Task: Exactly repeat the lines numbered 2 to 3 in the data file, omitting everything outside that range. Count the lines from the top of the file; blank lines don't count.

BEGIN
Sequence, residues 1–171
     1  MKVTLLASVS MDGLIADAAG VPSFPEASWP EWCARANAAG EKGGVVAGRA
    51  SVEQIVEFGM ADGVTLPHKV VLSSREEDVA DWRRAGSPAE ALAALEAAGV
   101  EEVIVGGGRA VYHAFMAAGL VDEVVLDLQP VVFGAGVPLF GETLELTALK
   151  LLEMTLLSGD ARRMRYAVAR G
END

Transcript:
     1  MKVTLLASVS MDGLIADAAG VPSFPEASWP EWCARANAAG EKGGVVAGRA
    51  SVEQIVEFGM ADGVTLPHKV VLSSREEDVA DWRRAGSPAE ALAALEAAGV